Curbside Classic: 1976 Plymouth Volaré Coupe- A Counterpoint to an Earlier Junkyard Classic

Last Saturday I scored a nice set of Jaguar XJ-S buckets at the junkyard, and then scored some photos of this well worn Plymouth Volaré on the way home. Based on state emissions records, it’s a first year car (1976), and consistent with Chrysler’s vision for their “upscale compact” it’s a top trim level car with some nice options.

Reflecting the popularity of two door coupes in the mid seventies, it’s also the best selling body style (by a margin of 258 cars- the ’76 coupe, 4-door sedan and station wagon sold in almost equal numbers).

For contrast, you can find a junked sister car to this coupe in Jim Klein’s article from September:

Junkyard Classic: 1977 Plymouth Volaré Coupe

Jim’s title asked, “The question is, how did this last 42 years in the wild?” Let’s take a closer at this still active Curbside example, and see if we can divine the magic that keeps Volarés plugging along.

As proudly declared by the rear quarter glass, this is the top trim level available. Even though the Volaré Premier represented the most expensive model, it still came standard with a six. Buyers who wanted the 318 or 360 V-8 needed to pony up some cash, since traditional Chrysler buyers were perfectly happy with the /6.

Looking at the feature list in the brochure, some of the parts we see on this Volaré are either missing from the list, or were extra cost options added to the car.

For example, I assume this bright finish passenger mirror added a couple sheckles to the MSRP. In fact, this is a double upgrade, since it’s not only a passenger side mirror (not required in 1976), but it’s a “sport” mirror with a fancy streamlined housing instead of a basic square mirror on a stalk.

Sport mirrors also allowed room for a remote control mechanism, which helped justify the extra expense for these fancy mirrors.

Upfront, we see the Volaré Premier hood ornament (shown on the list), but we also see the fender mounted blinker repeaters, as well as bumper guards flanking the license plate and black rub strips on the bumper. I’ve never owned a car with fender mounted turn signal indicators, but they were a very popular Chrysler item back in the day.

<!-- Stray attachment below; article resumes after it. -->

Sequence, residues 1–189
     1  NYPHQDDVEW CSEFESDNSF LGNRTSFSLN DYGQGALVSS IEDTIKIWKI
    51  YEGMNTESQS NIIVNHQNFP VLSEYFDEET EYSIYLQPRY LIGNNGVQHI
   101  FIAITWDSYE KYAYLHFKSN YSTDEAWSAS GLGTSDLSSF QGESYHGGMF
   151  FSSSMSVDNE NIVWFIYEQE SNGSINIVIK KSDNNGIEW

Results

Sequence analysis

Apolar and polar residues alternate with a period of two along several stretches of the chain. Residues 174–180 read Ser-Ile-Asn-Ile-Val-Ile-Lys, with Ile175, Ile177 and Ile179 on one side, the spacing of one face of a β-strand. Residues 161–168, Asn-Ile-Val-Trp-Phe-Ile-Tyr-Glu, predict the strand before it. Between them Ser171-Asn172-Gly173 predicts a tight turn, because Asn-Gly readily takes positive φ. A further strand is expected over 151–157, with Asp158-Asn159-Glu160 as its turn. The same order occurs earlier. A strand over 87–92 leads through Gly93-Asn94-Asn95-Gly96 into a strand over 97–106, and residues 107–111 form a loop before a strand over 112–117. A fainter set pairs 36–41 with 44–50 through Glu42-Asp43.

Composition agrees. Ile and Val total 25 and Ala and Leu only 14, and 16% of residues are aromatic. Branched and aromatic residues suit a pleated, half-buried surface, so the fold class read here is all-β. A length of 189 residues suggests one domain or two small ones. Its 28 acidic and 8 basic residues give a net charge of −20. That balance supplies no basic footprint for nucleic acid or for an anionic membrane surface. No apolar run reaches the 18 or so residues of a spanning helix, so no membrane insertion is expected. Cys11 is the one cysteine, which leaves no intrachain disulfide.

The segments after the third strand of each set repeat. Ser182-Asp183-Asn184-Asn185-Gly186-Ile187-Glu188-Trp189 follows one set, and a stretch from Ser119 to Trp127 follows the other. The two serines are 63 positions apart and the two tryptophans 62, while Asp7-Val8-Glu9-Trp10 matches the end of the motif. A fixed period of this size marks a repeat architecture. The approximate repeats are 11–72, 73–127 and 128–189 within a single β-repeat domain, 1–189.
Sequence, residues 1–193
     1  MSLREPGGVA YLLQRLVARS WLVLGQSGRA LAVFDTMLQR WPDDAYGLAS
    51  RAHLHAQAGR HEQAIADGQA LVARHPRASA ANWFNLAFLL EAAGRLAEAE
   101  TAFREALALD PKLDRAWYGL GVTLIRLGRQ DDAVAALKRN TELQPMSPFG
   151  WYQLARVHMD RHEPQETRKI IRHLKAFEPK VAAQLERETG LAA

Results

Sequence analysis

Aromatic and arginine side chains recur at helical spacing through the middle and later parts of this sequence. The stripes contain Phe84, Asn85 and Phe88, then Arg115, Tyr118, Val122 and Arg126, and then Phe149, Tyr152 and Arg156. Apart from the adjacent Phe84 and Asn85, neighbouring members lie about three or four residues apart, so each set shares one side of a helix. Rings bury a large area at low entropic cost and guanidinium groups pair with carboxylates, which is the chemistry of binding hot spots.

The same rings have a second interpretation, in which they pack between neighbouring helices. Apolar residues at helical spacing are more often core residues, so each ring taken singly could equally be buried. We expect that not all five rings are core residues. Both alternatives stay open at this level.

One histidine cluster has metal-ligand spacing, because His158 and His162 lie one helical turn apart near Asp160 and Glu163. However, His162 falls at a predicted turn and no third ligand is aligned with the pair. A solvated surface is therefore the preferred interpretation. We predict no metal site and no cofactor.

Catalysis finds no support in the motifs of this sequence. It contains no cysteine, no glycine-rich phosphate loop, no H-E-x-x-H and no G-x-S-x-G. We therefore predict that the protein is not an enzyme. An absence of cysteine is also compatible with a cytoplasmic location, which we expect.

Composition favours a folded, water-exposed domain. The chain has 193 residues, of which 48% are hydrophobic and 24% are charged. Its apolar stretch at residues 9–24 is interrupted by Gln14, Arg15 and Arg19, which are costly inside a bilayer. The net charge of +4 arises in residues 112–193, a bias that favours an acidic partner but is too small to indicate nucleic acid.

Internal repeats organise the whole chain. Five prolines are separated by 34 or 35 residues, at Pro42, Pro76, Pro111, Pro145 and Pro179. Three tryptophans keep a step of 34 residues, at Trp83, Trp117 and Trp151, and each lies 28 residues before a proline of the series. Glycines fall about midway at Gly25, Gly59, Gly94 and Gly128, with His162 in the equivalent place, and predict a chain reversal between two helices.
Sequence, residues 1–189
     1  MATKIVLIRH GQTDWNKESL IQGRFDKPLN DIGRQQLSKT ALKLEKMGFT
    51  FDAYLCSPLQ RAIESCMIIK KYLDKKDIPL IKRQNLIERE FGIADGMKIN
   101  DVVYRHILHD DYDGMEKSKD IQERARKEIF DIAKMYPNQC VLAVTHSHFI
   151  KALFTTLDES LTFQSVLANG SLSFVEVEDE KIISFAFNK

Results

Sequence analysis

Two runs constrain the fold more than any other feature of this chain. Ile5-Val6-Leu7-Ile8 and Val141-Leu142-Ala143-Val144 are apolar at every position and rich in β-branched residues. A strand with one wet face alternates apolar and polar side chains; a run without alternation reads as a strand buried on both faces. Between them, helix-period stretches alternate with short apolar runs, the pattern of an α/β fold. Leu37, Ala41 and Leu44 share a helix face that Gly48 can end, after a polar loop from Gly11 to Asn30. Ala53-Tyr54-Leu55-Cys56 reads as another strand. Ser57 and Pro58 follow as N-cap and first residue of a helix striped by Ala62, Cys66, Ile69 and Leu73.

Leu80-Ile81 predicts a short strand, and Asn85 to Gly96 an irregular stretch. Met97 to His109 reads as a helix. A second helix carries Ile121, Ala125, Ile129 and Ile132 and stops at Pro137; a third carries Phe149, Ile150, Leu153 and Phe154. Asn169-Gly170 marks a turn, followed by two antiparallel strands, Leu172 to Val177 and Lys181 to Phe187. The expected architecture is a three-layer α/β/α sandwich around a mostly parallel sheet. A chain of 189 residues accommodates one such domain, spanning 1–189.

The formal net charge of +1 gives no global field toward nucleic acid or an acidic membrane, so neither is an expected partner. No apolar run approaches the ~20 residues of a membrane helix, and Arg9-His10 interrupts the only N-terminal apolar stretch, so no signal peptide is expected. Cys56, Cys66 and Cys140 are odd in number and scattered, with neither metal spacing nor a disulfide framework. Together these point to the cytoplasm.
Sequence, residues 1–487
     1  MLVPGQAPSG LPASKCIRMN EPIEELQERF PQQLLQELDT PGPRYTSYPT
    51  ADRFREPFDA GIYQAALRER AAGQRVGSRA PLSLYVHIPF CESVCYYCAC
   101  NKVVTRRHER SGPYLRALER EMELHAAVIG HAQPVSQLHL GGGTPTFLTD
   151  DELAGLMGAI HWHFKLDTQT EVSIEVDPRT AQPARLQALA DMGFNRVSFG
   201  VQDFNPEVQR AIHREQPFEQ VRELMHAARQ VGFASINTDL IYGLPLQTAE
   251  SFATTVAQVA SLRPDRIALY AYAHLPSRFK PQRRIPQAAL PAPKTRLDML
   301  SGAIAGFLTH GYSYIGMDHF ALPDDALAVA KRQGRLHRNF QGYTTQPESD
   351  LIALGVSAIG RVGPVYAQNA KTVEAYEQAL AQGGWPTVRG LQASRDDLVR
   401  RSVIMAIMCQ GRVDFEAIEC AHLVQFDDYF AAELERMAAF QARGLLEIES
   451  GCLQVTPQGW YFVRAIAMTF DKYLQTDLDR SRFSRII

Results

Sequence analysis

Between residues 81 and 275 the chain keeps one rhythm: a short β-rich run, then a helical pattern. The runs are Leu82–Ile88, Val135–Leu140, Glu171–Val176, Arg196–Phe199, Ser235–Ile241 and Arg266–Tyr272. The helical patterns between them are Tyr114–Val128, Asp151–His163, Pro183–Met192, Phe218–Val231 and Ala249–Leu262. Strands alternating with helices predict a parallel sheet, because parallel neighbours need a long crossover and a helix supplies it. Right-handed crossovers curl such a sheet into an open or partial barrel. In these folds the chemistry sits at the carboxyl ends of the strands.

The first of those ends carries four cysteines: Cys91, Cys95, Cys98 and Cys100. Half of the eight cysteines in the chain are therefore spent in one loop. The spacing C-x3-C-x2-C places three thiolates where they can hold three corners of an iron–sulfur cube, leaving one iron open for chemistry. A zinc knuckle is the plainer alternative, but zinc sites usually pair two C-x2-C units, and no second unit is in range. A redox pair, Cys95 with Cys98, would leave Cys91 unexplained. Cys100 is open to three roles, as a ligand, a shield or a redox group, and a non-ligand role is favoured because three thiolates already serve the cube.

Based on an online sales brochure, the bucket seats and console were both extra cost options, but the features list says a three spoke steering wheel came standard with the Premier trim level, so you might think this was the Premier version.

However, this is the optional “Tuff” 3 spoke steering wheel as identified by the slotted wheel spokes, making it an upgrade one step above the Premier wheel.

Making one more close look, I can spot a manual window crank on the driver’s inner door panel telling us that despite the upgrades we’ve identified, this coupe lacks the “full boat” treatment.

Out back we see more bright trim, and even though it isn’t shown on the feature list above, I’m pretty sure this panel came standard on the Premier.

These Magnum 500 wheels are associated with muscle car era Mopars, but five years later they were still available on the Volaré.  In fact, the “Rallye” wheel used on the Duster 360 were also optional on lower trim Volarés. However, if you wanted a styled wheel on your Volaré Premier, this “Chrome-styled Road Wheel” was the only choice.

These wheels bug the heck out of me- I really like the style, but the owner has allowed time and weather to oxidize both the wheel and trim ring. A couple of hours with some steel wool and black paint, and I could easily return these wheels back to factory condition. Here, they appear almost brown from age and road grime.

Speaking of things that bother me, the side trim behind the doors on the Volaré Coupes also qualifies. From a straight run across the door, the molding cut down to the wheel opening at an awkward angle. Although this was a conscious design choice, I’m left with the impression the trim is falling off the fender.

Speaking of falling off, the bottom edge of the passenger’s quarter glass on this car came unglued, leaving a 2 or 3 inch opening to allow in moisture. There are lots of exterior maintenance issues you can forego, but once the glass seals start to go, bad things follow.

This is the equivalent of ignoring a leaking roof at home- Put off this repair at your own peril.

Well, I’m not sure we’ve determined why this F-body remains on the road, but I certainly hope the owner patches up that window seal, cleans up the wheels, and keeps it rolling for a few more years.